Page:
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May 25, 2023
5 min read time

New Malware Alert

A clever piece of Woo Commerce malware with an embarrassing twist...

Meet Threat Actors

Since its inception, the internet has rapidly become an integral part of how our society communicates and does business. It has not only accelerated the dissemination of information globally but has equipped the business owner with the ability to reach new clients and untapped markets. Unfortunately, this reliance on digital communication and commerce has presented new opportunities for petty thieves and threat actors.  

Couch Hacking

No longer does a thief need to infiltrate a brick-and-mortar business to steal, they can do it from the comfort of their own couch. By compromising a user’s website, an unethical hacker can steal money, spy on users, or set up phishing and adware campaigns. It is essential for the user to properly secure their online assets, lest they become another victim of digital crime.

Hiding in Plain Sight

During our investigation of a novel malware dropper, security researcher Elkins Berrios discovered a peculiar file called woocommerce-admin-tool-zip.php. Initially it appeared to be a WordPress plugin related to WooCommerce.

Upon closer examination, our team quickly identified that this script was indeed malicious, and not a legitimate WordPress plugin. We observed that the PHP script was using a simple obfuscation technique to conceal its underlying functionality. The script author purposefully added extra characters to strings related to GET request parameters. The script utilizes the str_replace function to remove the added characters and deobfuscate the strings.

Original snippet

Deobfuscated snippet
A screen shot of a computer code
Description automatically generated with low confidence

When specifically crafted requests are submitted to the malicious script, a range of functionality is executed.
A picture containing text, screenshot, font

Description automatically generated

In the example above, when a GET request containing add-to-cart0128263 is submitted to the script, the function sets the current user to the first user with the administrator role by loading the WordPress environment via wp-load.php. This allows the attacker complete administrative access to the user’s web app. With this escalated privilege, the attacker can further compromise the user’s site with backdoors, webshells, adware, phishing kits, or perform a number of other malicious activities.

In a similar fashion, when specific GET requests are submitted, a new user with administrative privileges is added. A backdoored user presents a host of issues as an attacker gains the ability to make changes to a user’s site as well as upload malicious content. Fortunately, in this case, the attacker’s attempts may have been foiled by a simple spelling mistake.

(notice the misspelling of administrator)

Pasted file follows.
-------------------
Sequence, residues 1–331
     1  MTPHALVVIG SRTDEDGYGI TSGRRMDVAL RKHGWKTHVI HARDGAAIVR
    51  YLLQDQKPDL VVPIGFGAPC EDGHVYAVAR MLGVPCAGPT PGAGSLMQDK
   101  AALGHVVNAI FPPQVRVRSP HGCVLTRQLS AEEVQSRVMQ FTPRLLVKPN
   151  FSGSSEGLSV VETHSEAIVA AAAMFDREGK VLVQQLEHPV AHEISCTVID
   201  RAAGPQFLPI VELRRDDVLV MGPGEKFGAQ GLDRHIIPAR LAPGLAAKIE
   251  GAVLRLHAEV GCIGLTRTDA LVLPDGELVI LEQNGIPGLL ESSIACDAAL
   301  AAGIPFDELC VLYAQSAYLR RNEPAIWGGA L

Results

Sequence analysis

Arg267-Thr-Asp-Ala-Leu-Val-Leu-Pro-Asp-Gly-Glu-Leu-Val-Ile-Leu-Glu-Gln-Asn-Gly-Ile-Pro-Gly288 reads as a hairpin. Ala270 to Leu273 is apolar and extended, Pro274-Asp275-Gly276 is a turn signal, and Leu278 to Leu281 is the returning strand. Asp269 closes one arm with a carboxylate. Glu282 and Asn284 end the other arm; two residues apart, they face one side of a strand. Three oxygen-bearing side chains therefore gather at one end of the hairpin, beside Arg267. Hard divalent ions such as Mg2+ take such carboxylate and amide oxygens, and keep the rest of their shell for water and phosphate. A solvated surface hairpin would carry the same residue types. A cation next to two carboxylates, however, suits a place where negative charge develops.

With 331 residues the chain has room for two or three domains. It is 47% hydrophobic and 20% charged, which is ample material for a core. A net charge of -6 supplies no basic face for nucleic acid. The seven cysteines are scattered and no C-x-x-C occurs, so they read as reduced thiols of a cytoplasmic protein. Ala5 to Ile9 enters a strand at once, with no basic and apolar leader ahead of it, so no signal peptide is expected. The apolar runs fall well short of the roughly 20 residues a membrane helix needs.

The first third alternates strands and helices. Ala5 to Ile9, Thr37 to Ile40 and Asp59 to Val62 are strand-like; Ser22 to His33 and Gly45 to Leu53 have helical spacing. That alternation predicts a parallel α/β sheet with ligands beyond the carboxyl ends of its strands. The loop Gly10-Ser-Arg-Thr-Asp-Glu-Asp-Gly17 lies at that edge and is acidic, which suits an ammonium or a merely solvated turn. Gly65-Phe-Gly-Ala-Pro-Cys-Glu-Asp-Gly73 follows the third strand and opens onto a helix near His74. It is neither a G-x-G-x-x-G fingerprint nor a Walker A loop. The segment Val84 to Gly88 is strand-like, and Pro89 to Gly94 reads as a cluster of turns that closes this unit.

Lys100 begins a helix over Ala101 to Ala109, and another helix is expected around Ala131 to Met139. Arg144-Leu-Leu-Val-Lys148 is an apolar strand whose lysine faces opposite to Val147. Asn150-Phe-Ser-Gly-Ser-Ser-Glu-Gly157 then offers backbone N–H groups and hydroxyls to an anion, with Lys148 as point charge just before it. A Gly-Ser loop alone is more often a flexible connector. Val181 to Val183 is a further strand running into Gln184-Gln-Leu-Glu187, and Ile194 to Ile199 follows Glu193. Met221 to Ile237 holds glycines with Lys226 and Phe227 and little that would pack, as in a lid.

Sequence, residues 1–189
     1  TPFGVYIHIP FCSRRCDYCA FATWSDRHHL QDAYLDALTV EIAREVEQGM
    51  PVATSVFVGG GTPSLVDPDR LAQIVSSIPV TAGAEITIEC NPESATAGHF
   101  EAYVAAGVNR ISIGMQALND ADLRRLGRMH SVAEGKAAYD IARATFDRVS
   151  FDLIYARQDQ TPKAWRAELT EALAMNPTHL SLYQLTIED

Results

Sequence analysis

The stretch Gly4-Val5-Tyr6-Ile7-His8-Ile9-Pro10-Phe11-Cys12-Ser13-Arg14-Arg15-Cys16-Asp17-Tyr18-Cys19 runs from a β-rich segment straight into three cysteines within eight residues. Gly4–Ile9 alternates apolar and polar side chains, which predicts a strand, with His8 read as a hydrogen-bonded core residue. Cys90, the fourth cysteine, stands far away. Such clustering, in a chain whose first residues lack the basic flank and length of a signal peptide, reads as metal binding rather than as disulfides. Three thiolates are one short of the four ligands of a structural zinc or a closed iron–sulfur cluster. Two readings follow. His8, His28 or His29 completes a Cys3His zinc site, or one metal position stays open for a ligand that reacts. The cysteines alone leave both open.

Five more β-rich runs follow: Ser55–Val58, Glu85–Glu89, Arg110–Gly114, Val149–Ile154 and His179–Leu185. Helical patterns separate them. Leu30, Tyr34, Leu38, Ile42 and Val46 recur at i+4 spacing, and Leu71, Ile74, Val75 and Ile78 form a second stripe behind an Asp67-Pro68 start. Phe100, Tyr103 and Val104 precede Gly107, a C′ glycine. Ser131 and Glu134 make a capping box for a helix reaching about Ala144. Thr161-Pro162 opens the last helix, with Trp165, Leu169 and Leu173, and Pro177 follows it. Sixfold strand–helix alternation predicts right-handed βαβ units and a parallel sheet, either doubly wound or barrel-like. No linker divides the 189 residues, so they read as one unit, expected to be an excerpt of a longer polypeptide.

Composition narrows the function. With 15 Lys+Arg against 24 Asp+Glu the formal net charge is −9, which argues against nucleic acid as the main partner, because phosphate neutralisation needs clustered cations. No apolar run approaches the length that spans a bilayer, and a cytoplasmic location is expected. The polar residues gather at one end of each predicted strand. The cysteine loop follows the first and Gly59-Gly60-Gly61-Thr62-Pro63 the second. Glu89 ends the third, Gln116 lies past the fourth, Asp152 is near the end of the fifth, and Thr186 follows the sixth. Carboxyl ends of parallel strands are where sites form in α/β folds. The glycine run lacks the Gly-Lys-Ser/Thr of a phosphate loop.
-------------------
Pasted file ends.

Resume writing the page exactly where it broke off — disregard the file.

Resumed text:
In this example, when a GET request containing submit-ticked-9317 is passed to the script, file uploading functionality is executed. This could allow the attacker to hide payloads, usually malicious PHP or Javascript, within fake image files. This could lead to arbitrary execution of malicious code on the user’s site.

Finally, the script cleverly ensures the plugin is hidden from the unsuspecting user by way of removing it from the fetched list of Wordpress plugins.  

Hidden Intentions

It is not uncommon for an attacker to attempt to hide their intentions in the form of an illegitimate plugin with fake comments, or behind obfuscation techniques. This particular file is interesting because at first sight, it appears to be a legitimate plugin. The attacker’s attempts to conceal the intent of the script, coupled with malicious functionality, make this file a dangerous and potentially persistent threat.

What we learned…

During our investigation, we learned that the user’s web app fell victim to exploits related to multiple out of date and vulnerable WordPress plugins, a common vector of attack utilized by threat actors to compromise web applications. We observed that during the window of compromise, the user was running an out-of-date instance of the Elementor Pro plugin that is being widely exploited in a massive hacker campaign. Additionally, we discovered several .sql files in the user’s public_html folder. Unfortunately, these database files contained years of customer payment information and transaction data, publicly available on the user’s site. It appears that the threat actor dumped the user’s SQL database in an attempt to harvest customer PCI/PII.

“We (Monarx Security Researchers) cannot stress enough the importance of keeping WordPress plugins up to date and regularly reviewing administrative accounts and credentials.”

A reader interested in manually identifying this specific version of the malware might try searching plugin files for ogetu_usoers. Unfortunately, the malware is polymorphic, and the specifics of the obfuscation will vary.

How Monarx Helps

Monarx searches and destroys malware based on its behavior and not a specific file name or pattern matching.  Those legacy methods are not only resource expensive, but they are also inefficient at finding polymorphic malware.  Monarx doesn’t rely on signatures. Our revolutionary technology identifies malware based on what it does, not what it looks like. Monarx sees through the modern obfuscation techniques that confuse signature-based tools, and easily handles new & unusual variants that they’re blind to. The result is more effective prevention, with extremely few false positives.